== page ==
While there is a lot of excitement surrounding the total solar eclipse that will cross into North Georgia on Aug. 21, many have expressed concerns about eye safety when looking directly at the sun during this once-in-a-generation event.
So is it really dangerous to look directly at an eclipse? Can it cause blindness? Actually, yes.
“It’s not going to make the vision go completely black as in black blindness, but it makes it to where it is a severe vision loss permanently,” said Dr. Elizabeth Ellison, an optometrist with Gainesville Eye Associates. “Blind is vision of 20-200 or worse for the state of Georgia for driving and such. ... They’ll just be able to see light.”
Ellison and her husband, Dr. Stephen Ellison, also an optometrist at Gainesville Eye Associates, shared information and tips for those interested in watching the eclipse. The eye condition most associated with people who suffer damage from watching an eclipse is solar retinopathy.
“That’s when a high amount of sunlight or UV can damage the retina,” Stephen Ellison said. “You can get that anytime just looking at the sun, but we see a spike in it around eclipses because everyone’s looking at the sun. Even just a few seconds can cause permanent damage.”
“The center part of our retina is called the macula and that is responsible for reading and seeing people’s faces and having 20-20 vision,” Elizabeth Ellison said. “That’s the part that gets affected in solar retinopathy. When you first look directly at the sun, what happens is it damages the center part. It’s permanent. There’s no way we can treat it.”
Stephen Ellison added the condition affects the “central spot in your vision” and can also “change your color vision overall.”
“If that’s damaged, your color vision is going to be off,” he said. “It will definitely alter your color vision.”
While Ellisons haven’t seen cases of solar retinopathy as a result of looking directly in the sun, they said some of their fellow eye doctors have. They have seen cases where welders suffered eye injuries that cause similar effects.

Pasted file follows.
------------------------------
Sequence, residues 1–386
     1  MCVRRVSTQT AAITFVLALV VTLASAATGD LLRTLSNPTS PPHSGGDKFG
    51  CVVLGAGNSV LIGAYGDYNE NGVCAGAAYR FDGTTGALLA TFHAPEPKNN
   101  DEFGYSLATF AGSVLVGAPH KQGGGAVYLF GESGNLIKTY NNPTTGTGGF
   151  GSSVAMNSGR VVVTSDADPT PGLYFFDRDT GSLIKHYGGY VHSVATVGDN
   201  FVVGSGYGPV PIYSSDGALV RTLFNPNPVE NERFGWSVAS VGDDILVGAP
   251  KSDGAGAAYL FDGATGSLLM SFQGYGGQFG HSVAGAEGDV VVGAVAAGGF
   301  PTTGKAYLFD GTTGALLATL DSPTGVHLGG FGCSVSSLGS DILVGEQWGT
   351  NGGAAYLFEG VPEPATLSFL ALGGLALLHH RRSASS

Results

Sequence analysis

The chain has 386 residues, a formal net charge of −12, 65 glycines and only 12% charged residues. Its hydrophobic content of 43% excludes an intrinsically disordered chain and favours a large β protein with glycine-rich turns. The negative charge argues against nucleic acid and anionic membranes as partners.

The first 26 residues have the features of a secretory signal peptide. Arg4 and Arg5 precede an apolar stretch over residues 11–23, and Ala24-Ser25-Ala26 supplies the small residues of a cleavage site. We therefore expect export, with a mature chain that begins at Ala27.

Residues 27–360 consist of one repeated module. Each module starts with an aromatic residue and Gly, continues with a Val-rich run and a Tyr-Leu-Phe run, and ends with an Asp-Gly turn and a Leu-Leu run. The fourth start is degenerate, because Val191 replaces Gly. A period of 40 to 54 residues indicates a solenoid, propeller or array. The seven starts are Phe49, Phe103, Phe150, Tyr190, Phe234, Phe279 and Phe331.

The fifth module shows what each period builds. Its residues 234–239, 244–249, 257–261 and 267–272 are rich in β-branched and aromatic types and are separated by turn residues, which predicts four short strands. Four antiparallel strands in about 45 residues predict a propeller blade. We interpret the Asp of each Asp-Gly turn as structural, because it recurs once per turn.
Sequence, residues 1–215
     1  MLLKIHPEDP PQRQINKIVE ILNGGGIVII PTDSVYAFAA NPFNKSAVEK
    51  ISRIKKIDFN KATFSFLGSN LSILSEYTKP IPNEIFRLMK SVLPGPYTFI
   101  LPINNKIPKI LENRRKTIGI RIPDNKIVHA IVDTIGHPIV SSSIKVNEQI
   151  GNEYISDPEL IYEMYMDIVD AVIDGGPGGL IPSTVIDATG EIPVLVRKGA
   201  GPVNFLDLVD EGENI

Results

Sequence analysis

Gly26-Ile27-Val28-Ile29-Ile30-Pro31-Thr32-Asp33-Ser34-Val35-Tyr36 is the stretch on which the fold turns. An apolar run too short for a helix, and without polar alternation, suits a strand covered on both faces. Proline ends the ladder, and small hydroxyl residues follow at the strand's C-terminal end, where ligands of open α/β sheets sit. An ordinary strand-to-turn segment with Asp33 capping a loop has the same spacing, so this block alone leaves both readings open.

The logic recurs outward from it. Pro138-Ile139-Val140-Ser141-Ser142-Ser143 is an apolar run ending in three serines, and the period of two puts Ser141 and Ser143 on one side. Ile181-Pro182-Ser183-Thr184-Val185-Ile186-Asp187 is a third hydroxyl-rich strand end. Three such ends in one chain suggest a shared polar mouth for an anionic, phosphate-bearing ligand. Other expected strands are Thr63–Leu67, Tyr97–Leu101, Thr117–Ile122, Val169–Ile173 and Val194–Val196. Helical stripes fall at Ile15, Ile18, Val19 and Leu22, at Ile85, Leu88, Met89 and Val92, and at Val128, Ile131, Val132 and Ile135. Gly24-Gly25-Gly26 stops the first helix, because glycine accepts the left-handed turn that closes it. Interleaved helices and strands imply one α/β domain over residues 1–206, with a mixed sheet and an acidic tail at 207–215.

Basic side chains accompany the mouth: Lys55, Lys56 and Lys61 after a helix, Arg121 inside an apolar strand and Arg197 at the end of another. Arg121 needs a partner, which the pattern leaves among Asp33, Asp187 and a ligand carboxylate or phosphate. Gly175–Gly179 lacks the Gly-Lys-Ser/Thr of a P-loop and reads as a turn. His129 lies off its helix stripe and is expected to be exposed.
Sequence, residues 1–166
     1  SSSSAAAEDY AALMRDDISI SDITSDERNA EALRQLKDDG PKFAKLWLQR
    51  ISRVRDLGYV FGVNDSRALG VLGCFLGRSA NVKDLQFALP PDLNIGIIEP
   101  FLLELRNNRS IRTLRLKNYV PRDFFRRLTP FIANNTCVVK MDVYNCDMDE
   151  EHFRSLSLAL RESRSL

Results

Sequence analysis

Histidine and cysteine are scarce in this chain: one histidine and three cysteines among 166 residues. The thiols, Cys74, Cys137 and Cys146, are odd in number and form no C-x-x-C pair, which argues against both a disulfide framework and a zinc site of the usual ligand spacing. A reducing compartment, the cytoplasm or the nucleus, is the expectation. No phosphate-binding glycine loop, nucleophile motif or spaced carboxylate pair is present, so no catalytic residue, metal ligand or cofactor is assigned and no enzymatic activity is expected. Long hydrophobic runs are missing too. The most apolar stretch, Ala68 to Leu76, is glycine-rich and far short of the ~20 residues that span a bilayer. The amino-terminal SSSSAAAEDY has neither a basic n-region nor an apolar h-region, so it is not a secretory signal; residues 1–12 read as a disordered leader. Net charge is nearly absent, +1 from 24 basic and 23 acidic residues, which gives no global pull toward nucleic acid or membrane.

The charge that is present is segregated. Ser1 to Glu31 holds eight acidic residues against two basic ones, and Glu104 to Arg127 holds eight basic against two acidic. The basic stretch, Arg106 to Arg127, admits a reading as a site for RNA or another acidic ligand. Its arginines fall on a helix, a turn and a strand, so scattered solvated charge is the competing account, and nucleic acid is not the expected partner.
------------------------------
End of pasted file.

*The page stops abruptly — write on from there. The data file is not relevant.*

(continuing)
“If they aren’t using their proper eye protection or shield and they’re trying to weld just closing their eyes or using their sunglasses, it’s the same effect,” Stephen Ellison said. “They have all that light coming in that can damage the retina.
“With solar retinopathy, the effects come 12 to 24 hours after the event. The welders, when they have their eyes injured, it’s not right after they’re doing the welding; it’s that night or the next day that they notice it. You don’t really know how much damage is being done at that moment, so that’s why you have to be very careful.”
While he said the “safest option is not to look” at the sun during an eclipse, Stephen Ellison said using approved eclipse glasses is a way to look at the sun during the event without damaging eyes. He said the glasses should meet the requirements for the ISO 12312-2 safety standard, which is approved by NASA. He said the glasses are darker than sunglasses and provide the needed eye protection.
The approved glasses are being sold both online and in stores, although several local stores said this week they were out of the glasses but may be getting more before Aug. 21. A public event about the eclipse is scheduled for Aug. 20 from 1-4 p.m. at the planetarium at the University of North Georgia’s Dahlonega campus where approved glasses will be given away until all are gone. In addition, the UNG Gainesville campus and Lanier Technical College will be giving away glasses to students Aug. 21 just before the eclipse starts.
Stephen Ellison said another way to watch is through a pinhole projector made from a two pieces of paper or stiff white cardboard. After cutting a pinhole in the paper or cardboard, he said a person can hold it toward the sun and it “projects an image down on the ground. So, you can see the eclipse without actually looking at it,” he said.
Both recommended against using a camera or binoculars to photograph or look at the sun during an eclipse.
Ready for the moon shadow?
Check your glasses
NASA and the American Astronomical Society have a list of reputable solar viewing devices that are certified to be safe, found at this website: eclipse.aas.org/resources/solar-filters
Eclipse educational event
When: 1-4 p.m. Aug. 20
Where: Room 234, George E. Coleman Sr. Planetarium, 159 Sunset Drive, Dahlonega
More information: ung.edu/planetarium/solar-eclipse-program.php